Band-Aids to stop the blood from oozing onto the food from nasty fork wounds caused by the blinding light of swirling utensils at the table.
Children not dressed correctly pay the price

As for the children - well, as I said. They earn a place at the table and in the circle of Williamson adulthood by proving they can take enough food from the table to feed themselves. I remember my introduction to the table. I was 12 years old. The Thanksgiving meal had just begun. I stood there in my swimsuit with my brothers, sisters, and cousins. They attacked while I stood trying to remember from years of experience and mistakes. I ducked just in time as my 4 year old sister was head butted across the room by my football playing uncle. That is when I saw my chance.

Grandma halfway through dinner wearing her gravy nicely

Grandma wasn't feeling well that day and wasn't in true form. Usually we steered clear of Grandma. Everyone knew nature had blessed her with with a defense mechanism far better than horns, muscle, or wits. Grandma had GAS! All during the meal, as children approached to steal her mashed potatoes or turkey, Grandma would - on call - rock up onto one buttock and release enough of the substance to warm two houses for a normal Alaskan winter. Deadly.......... Anyway I saw that Grandma's intestines were not up to normal output and moved in her direction. Her eyes were darting around the table. One hand was shoveling in the food while the other, armed
with two forks, was stabbing in all directions keeping the foolish at bay. I moved closer, ever closer. She saw me out of the corner of her cat eyed glasses with the pearl trim with ruby inserts. She started to rock upwards.

Wait a minute. I'm getting carried away. You didn’t log onto this blog to read about my childhood. Forgive the ramblings of an old fool.

It has been a very relaxing week for me. It started with the 5th grades from Cascade Elementary School on Monday and Tuesday. They did a great job. On Tuesday evening I locked up the Space Center for the Holiday. I'm sure our simulators will wonder where we are. They aren't used to being left on there own for so long. I wonder if they've been playing nicely?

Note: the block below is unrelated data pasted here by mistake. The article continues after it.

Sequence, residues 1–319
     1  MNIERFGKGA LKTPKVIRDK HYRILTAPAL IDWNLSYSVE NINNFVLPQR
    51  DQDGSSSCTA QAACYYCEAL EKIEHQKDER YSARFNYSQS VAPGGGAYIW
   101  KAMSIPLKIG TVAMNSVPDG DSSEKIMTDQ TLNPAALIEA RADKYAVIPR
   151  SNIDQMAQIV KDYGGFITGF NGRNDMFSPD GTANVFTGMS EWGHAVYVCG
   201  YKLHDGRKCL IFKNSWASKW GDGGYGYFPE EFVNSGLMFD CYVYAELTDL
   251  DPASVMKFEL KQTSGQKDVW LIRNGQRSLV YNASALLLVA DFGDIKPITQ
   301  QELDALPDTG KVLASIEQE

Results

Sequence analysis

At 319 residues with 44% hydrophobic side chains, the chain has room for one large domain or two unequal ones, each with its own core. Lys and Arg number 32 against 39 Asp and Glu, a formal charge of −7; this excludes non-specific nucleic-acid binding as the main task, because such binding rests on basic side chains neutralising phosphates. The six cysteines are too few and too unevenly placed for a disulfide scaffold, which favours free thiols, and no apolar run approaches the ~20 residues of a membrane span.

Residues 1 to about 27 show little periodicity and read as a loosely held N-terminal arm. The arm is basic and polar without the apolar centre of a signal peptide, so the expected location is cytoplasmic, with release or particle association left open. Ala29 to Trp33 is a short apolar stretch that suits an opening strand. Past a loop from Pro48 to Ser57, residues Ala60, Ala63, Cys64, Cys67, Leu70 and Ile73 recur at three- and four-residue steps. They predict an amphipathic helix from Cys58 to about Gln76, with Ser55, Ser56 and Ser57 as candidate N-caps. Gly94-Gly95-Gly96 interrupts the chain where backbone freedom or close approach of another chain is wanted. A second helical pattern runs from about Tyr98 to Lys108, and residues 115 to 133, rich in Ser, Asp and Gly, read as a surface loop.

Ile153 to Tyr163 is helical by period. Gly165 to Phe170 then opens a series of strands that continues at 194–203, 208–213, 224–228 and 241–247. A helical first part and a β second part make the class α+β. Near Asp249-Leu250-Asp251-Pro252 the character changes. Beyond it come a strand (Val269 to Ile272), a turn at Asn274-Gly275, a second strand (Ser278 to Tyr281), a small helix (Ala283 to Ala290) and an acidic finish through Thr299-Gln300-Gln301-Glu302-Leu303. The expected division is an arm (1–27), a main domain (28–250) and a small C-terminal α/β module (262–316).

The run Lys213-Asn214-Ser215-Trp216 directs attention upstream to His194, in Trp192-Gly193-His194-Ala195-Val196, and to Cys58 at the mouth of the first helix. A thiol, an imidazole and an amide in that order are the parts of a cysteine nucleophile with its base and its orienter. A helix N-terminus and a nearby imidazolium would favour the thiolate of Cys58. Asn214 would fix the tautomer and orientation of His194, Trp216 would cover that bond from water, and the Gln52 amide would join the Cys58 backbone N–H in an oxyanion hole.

The question I put to all of you is this, What do you think our simulators do when we are not around. Do they take off and fly without a crew? If so, where do unleashed simulated starships go? Does the Voyager, Odyssey, Phoenix, and Galileo soar around the Magellan taunting and teasing as they circle because it just sits there? If so, does the Magellan get its revenge by unloading its massive weapon systems? I wonder what the computers that run these powerful machines say about us when we are not there?

Voyager Computer: "You know Odyssey, If I have to say “working” one
more time I'm going to short circuit and cause the nastiest shock my Flight Director has ever experienced !!!!!

Odyssey Computer: "I know how you feel. I cringe every time I feel that mic switch activate wondering what kind of stupid thing I'm going to have to say next. I mean do I have to run the ship for these semi conscious Flight Director’s all the time? Aren't they suppose to tell me what to do? For heaven’s sake, next thing you know I'm going to have an extension of myself placed in the staff toilet to remind them to wash their hands!

Voyager Computer: " You think you've got witless Flight Director’s? Try doing this for 18 years! I've seen it all. And what's with this Tex? He hogs all the air time giving me little if anything to say. I've got a surprise for him next time he sticks his Texan lips near the PA system. He will be sipping his chili and barbecue through a straw after I pass 5000 volts through him. Does it seem like I've got a lot of pent up anger?

Odyssey Computer: "Yea man...... Take a chill pill. I mean - count your blessings. You want to hear a computer that has something to complain about? Try talking to that poor processor that runs the Magellan. Last time I got it talking I ran out of memory just listening.

Voyager Computer: "You're right. We should count our blessings. After all we could of ended up running the Galileo! (HEARTY LAUGHTER ALL AROUND)

Galileo Computer: "Hey guys..... What's up? Hey its me. Down here Not there - I said down here....."

Well forgive my imagination running rampant. If any of you would like to continue this conversation between our computers please feel free to do so.

I hope you all have a great Thanksgiving and are ready to come to work
refreshed and in good spirits.

All the Best my Friends.
Mr. Williamson

Sunday, November 23, 2008

I'm Addicted.

The slide into addiction is a solitary journey through a tunnel dark and dreary. It begins with a taste. Just a taste in a fraction of time that, given any other circumstance, would be forgotten once lived. Suddenly a mysterious world you’ve only read about is unveiled before you. Like Alice, you step lightly through the Looking Glass.
I’m between worlds, looking back into what I know, and with a turn of the head, look into the mist both tempting and beaconing. I hear the song of the Siren captivating the sense of sound. Like a spreading cancer, the sound develops taste. Colors from a crystal rain accompany the melody. I find myself moving, inch by inch, into this new world and yet, memories acting like an anchor, refuse to yield my foundation in the old. It is epic.